Roger Brown & Miesian Metropolitanism: Edith Farnsworth House, Plano, IL
Roger Brown and Ludwig Mies van der Rohe stand as exemplars of their respective aesthetic positions—beacons of pure intention and masterful execution. This exhibition seeks to examine Brown’s particular “Miesian” tendencies, both within his aesthetic practice and his personal life. While many of his paintings ruminated on buildings, the topic of architecture was also intimately important to him and his life partner, George Veronda, himself an accomplished architect and designer. Hosted by the Edith Farnsworth House, this affectionate and insightful exhibition provides new perspectives into the philosophical crosscurrents that informed the careers of both Brown and van der Rohe, and shines a fresh spotlight on the practices of two of the 20th century’s most distinctive creative minds.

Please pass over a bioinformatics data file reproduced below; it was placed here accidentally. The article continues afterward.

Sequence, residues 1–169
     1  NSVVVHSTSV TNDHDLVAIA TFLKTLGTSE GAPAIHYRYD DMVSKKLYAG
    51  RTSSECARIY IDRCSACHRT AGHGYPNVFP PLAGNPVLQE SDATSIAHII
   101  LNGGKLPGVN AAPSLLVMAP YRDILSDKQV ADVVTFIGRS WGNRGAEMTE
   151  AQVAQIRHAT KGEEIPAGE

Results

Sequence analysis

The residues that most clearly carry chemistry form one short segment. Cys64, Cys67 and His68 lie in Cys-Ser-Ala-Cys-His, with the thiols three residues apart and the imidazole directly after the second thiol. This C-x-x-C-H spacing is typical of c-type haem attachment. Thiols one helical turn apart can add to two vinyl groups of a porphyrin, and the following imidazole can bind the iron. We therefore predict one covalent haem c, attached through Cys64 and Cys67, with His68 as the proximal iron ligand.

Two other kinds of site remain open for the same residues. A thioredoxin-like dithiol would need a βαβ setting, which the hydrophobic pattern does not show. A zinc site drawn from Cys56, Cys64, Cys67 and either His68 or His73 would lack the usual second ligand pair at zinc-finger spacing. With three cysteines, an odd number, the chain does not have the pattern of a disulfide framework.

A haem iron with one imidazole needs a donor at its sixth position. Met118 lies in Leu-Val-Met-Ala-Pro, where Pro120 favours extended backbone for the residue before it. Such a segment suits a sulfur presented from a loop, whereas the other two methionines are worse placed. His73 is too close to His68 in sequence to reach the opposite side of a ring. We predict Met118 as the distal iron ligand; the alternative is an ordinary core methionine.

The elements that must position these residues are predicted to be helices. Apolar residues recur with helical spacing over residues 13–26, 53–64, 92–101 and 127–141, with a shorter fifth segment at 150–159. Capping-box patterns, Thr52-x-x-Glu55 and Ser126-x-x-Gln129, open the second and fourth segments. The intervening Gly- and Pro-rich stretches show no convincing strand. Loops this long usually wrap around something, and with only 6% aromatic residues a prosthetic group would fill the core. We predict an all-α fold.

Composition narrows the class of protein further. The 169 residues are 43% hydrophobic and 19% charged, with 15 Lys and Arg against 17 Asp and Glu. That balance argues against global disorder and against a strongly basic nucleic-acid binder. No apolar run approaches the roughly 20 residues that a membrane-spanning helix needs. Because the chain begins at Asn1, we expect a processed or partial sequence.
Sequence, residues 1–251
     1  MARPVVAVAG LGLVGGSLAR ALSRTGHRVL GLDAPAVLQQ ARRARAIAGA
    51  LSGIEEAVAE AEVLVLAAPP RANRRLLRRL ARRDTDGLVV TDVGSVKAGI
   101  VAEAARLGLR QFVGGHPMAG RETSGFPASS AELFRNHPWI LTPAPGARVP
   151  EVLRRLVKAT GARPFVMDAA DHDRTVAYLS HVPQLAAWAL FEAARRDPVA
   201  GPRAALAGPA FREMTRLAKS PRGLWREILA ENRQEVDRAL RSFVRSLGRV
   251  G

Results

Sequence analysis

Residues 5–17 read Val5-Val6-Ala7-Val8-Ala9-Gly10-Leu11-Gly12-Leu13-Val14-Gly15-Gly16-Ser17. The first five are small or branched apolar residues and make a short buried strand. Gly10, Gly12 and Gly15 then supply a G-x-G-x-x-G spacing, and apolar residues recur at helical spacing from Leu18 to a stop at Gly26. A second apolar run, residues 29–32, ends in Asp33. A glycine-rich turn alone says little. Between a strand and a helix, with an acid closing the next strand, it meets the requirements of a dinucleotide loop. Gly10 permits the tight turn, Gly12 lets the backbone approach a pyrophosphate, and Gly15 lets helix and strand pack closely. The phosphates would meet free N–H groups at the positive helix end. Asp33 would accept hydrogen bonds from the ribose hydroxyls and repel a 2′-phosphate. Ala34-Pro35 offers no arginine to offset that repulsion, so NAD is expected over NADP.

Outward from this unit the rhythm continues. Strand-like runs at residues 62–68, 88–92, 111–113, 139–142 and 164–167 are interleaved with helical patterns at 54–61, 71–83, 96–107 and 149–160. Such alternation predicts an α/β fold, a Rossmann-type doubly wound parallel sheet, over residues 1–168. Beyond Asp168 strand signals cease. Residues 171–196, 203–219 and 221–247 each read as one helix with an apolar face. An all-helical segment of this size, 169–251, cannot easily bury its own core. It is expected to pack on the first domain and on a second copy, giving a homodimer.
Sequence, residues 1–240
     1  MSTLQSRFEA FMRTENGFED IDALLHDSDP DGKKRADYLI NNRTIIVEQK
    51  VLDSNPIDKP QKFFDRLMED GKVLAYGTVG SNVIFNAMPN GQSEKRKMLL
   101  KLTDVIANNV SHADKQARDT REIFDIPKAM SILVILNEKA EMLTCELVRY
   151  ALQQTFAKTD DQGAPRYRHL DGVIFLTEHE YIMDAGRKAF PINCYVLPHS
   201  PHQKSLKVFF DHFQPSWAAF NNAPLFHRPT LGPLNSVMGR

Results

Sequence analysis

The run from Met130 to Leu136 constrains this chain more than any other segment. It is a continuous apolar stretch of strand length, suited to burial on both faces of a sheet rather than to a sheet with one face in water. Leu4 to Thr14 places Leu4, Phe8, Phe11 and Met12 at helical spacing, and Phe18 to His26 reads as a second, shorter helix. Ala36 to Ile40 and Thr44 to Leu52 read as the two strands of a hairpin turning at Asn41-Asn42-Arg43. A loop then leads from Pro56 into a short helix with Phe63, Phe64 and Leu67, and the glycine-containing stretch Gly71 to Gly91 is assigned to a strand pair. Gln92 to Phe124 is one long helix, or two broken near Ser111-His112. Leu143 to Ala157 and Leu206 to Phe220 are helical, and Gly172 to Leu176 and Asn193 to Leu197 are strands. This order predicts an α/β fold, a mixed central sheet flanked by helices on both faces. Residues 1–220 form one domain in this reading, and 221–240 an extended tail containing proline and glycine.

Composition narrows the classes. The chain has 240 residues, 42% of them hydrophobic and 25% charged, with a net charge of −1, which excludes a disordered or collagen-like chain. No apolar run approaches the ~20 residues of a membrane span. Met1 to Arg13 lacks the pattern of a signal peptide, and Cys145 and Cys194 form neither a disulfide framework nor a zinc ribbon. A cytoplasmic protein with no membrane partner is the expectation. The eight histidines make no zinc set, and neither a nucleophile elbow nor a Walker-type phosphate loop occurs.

This exhibition, organized with Kavi Gupta gallery and the Roger Brown Study Collection, which Brown gifted to the Art Institute of Chicago, is comprised of a cross-section of Brown’s iconic but wide-ranging practice. Reproductions of classic paintings like What’s Good Enough for Mies is Good Enough for Me directly address Mies van der Rohe as a specific creative force in Brown’s life, while Expressionist Building—Are We Happy Now? lends insight into Brown’s broader perspectives on art and architecture. Original works in the exhibition will include the rarely seen, important 1982 painting My House in the Dunes, depicting Brown’s elegant modernist home in New Buffalo, Michigan.
The exhibition is set to open August 6, and a panel discussion pertaining to Brown and Mies van der Rohe will be held August 11 both in-person and online.
Courtesy of the Edith Farnsworth House
ROGER BROWN AND MIESIAN METROPOLITANISMChicago Architecture Center, Chicago, IL 11 Aug 2022Midcentury art and architecture are too often studied separately. In the case of Roger Brown and Ludwig Mies van der Rohe, the cultural influences and societal undercurrents acting on these great Chicago Modernists brought their work closer together. Brown the artist and Mies the architect were towering figures in their respective practices—beacons of pure intention and masterful execution. Many of Brown’s paintings ruminate on buildings and contemporary cityscapes, and architecture was central to Brown and his life partner, George Veronda, an accomplished architect and designer. Not by accident, Mies’ restrained...